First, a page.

A Criminologist examines a case book on recent, unusual events in the state of Ohio: In Denton, ingenuous couple, Brad Majors and Janet Weiss, attend the November wedding of friends Betty Munroe and Ralph Hapshatt, oblivious to the strange officiating priest and odd looking guests. Although Brad is uneasy when Janet catches the wedding bouquet, he insists that he loves her and they both look forward to their own marriage. After the ceremony, Brad and Janet proceed to a meeting with their old high school science teacher, Dr. Everett V. Scott, but by nightfall their progress is slowed by a fierce thunderstorm and a flat tire. Brad stoutly vows to go for help alone, but Janet points out they have no idea where they are, so should proceed together. As they recall passing a castle-like house down the road, the couple makes their way there, ignoring the warning signs around the property. As they peer up through the rain at a single lit window in the castle, several motorcyclists, many of whom had passed them earlier on the road, roar onto the grounds and disappear around the back. The doorbell is answered by a pale, hunchbacked man who informs the nervous couple that he is a servant, Riff Raff. Inside, Brad and Janet gape at the Gothic design and, hearing sounds of a distant party, learn they have arrived on a special night. Waving away Brad’s request to use a telephone, Riff Raff and his sister Magenta, a maid, escort the couple to a large ballroom where several bizarrely dressed guests dance and sing enthusiastically. A banner across a ... +


A Criminologist examines a case book on recent, unusual events in the state of Ohio: In Denton, ingenuous couple, Brad Majors and Janet Weiss, attend the November wedding of friends Betty Munroe and Ralph Hapshatt, oblivious to the strange officiating priest and odd looking guests. Although Brad is uneasy when Janet catches the wedding bouquet, he insists that he loves her and they both look forward to their own marriage. After the ceremony, Brad and Janet proceed to a meeting with their old high school science teacher, Dr. Everett V. Scott, but by nightfall their progress is slowed by a fierce thunderstorm and a flat tire. Brad stoutly vows to go for help alone, but Janet points out they have no idea where they are, so should proceed together. As they recall passing a castle-like house down the road, the couple makes their way there, ignoring the warning signs around the property. As they peer up through the rain at a single lit window in the castle, several motorcyclists, many of whom had passed them earlier on the road, roar onto the grounds and disappear around the back. The doorbell is answered by a pale, hunchbacked man who informs the nervous couple that he is a servant, Riff Raff. Inside, Brad and Janet gape at the Gothic design and, hearing sounds of a distant party, learn they have arrived on a special night. Waving away Brad’s request to use a telephone, Riff Raff and his sister Magenta, a maid, escort the couple to a large ballroom where several bizarrely dressed guests dance and sing enthusiastically. A banner across a stage describes the gathering as the Annual Transylvania Convention. Janet swoons over the weird assembly but, recovering, urges Brad to find a telephone. They are interrupted however, by the arrival of a heavily made-up man in an elegant black cape and platform boots who descends from a small elevator to introduce himself as Dr. Frank-N-Furter, a sweet transvestite from Transsexual, Transylvania. Not recognizing Frank, Magenta and several others as the priest and guests at the wedding, Brad and Janet remain transfixed when Frank twirls off his cape to reveal he is wearing a chic black corset, garter belt and hose. Ordering Riff Raff, Magenta and another assistant, Columbia, to see to the drenched couple’s comfort, Frank then invites them up to his laboratory. Startled to be stripped to their underwear, Brad and Janet reluctantly join Frank in the lab as several excited guests line a viewing platform above. Having donned a green lab coat and clutching a pink pair of rubber gloves and glass of champagne, Frank declares that he has learned the secret of life and announces his greatest achievement in biochemical resection. Pulling back a curtain, Frank displays a plaster figure floating in liquid in a large glass case, then throws several switches which send power surging into the figure. The witnesses gasp when moments later the figure rises to reveal a strapping, handsome, blonde-haired young man whom the delighted Frank christens Rocky Horror. Everyone is impressed, but when a jealous Columbia will only admit that Rocky is “ok,” Frank retorts that Rocky was not made for her. Frank then presents the childlike Rocky with several body-building devices and promises to make him a man. Moments later, there is a crash from a deep freeze unit and a man on a motorcycle crashes forth. The man, Eddie, a former delivery boy who Frank once loved, is covered in scars as part of his brain was used to create Rocky. While Eddie drives around the lab lamenting his fall from Frank’s favor, Frank places Rocky in the lift, then, to everyone’s shock, turns on Eddie with an ice pick and stabs him to death. Undaunted, Frank then joins Rocky in his boudoir. Although most of the guests depart, Brad and Janet are invited to remain and placed in separate rooms. To Janet’s surprise, Brad slips into her darkened room and starts to seduce her when she realizes that it is Frank disguised as Brad. Initially shocked, Janet soon finds that she cannot refuse his advances. A little later, Brad is startled when Janet creeps into his darkened room to seduce him, then is horrified to discover that Frank has disguised himself as Janet. Like Janet, Brad is strangely unable to resist Frank’s charms. Meanwhile, Riff Raff harasses the uncomprehending Rocky who, unable to find Frank, runs outside into the pouring rain. Discomfited by the evening’s experiences, Janet goes in search of Brad only to see him on a lab monitor in bed with Frank. Discovering that Rocky is in his water tank quaking and bleeding from Riff Raff’s mistreatment, Janet comforts him and, overcome by Rocky’s physical magnetism, seduces him. When Frank discovers that Riff Raff has tormented Rocky, he whips his assistant as Brad watches. They are interrupted by the arrival of the wheelchair-bound Dr. Everett Scott, who Frank believes investigates UFOs for the government. After Brad acknowledges that he knows Dr. Scott, Frank grows suspicious that Brad and Janet are Scott’s spies. Surprised to find Brad at the castle, Scott insists that he has come in search of his nephew, Eddie. Doubtful, Frank nevertheless calls for an impromptu late night meal for Scott, who now fears the worst for Eddie as he recognizes that Frank and the others are aliens from the galaxy of Transylvania. As everyone dines on a sumptuous roast, Frank reveals that they are eating Eddie’s remains. Sickened, Columbia departs the dining room before Frank throws aside the table to reveal Eddie’s mutilated body. Hysterical, Janet flees to the lab, followed by Rocky and Frank who warns her to control herself. Brad meanwhile escorts Scott to the lab where Frank freezes each of them to the floor. Although unable to move, Scott questions Frank about whether he really has a transducer that breaks up human matter and sends it out into space. Terrified, Janet demands to know if Frank is going to send them into space. In response, Frank orders Magenta to throw the “Medusa” switch which turns Brad, Janet and Dr. Scott into statues. After dressing each nude statue in boas and corsets, Frank places them on a stage and, returning them to live forms, demands that they perform a cabaret number. Columbia joins them once the curtain opens, revealing a large radio tower and swimming pool in which everyone but Scott throws themselves. As Scott struggles to break free of Frank’s mesmerizing influence to help the others, they obey Frank’s command of “don’t dream it, be it,” and begin an orgy in the pool. The activity is interrupted by the appearance of Riff Raff and Magenta, dressed in their native costumes, insisting upon returning home to Transsexual immediately. Although Frank professes to long for home, Riff Raff suspects he is reluctant to leave earth and orders Frank to bid the humans farewell. Realizing Riff Raff plans to kill Frank if he interferes with the departure, Columbia screams a warning, but is shot down by Riff Raff’s laser gun. When Frank tries to escape, Riff Raff turns the laser gun on him, to Rocky’s dismay. Wailing over Frank’s lifeless body, Rocky then carries the corpse up the radio tower, his superior body withstanding several laser blasts before the tower collapses, plunging him into the pool. In the stunned silence that follows Riff Raff asserts that none of his now-dead comrades ever liked him. Scott praises Riff Raff for his bold action, prompting the alien to apologize about Eddie before telling the doctor, Brad and Janet that they are free to go. When the trio reaches the road outside of the castle, they watch in amazement as the entire building lifts off and flies off into the darkened sky. Bewildered and shocked by their experience, Brad, Janet and Dr. Scott stumble about in the smoky debris of the house-spaceship. In the present, the Criminologist closes the case book and reflects that, in the face of contact with aliens, the human race remains lost in time and space. +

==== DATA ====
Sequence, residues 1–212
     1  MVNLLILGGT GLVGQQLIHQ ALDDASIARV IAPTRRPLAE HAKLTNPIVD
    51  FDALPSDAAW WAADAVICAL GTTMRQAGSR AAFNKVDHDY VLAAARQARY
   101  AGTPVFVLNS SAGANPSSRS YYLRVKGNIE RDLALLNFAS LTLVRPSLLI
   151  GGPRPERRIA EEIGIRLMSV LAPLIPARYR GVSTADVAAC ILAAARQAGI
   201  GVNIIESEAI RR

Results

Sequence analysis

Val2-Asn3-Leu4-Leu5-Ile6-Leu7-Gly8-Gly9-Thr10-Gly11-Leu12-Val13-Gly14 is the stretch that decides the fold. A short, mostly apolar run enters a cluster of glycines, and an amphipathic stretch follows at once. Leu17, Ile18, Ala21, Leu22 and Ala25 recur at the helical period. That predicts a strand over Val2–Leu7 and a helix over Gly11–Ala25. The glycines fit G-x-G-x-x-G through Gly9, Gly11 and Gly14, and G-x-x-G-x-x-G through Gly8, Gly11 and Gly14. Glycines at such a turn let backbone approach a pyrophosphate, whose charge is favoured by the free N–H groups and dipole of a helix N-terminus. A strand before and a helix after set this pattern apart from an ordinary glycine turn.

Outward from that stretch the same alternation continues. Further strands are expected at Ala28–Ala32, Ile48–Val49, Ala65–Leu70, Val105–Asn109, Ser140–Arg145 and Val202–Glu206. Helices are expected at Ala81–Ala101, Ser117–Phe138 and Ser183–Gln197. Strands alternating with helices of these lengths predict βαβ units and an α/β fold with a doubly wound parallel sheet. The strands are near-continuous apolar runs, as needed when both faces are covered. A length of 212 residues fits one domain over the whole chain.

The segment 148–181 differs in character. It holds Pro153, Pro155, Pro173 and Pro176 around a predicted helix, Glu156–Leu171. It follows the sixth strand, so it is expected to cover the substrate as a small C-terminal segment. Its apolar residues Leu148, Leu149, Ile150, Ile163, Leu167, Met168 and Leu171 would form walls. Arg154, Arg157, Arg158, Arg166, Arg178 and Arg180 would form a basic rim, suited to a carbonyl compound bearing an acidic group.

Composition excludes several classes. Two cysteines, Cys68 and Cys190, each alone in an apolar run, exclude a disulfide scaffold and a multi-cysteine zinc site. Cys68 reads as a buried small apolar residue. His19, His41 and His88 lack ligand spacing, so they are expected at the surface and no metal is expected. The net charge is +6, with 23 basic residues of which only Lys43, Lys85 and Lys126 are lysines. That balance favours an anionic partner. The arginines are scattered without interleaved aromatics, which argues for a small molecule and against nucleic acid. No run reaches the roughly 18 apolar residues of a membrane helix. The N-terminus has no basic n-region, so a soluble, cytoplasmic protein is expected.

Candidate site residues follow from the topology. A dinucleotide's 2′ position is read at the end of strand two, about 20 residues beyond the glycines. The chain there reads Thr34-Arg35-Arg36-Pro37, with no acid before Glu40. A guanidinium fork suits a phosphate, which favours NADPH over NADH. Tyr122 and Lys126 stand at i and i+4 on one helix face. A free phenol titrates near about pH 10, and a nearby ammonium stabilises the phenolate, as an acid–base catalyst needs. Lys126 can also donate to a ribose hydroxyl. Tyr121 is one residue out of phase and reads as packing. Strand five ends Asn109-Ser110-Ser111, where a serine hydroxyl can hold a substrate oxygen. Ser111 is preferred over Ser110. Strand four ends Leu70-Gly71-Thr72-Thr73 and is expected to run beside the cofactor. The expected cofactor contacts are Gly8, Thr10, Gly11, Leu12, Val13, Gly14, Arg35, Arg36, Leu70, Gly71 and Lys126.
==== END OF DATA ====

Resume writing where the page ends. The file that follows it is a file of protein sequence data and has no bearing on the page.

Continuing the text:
Legend
Viewed by AFI
Partially Viewed
Offscreen Credit
Name Occurs Before Title
AFI Life Achievement Award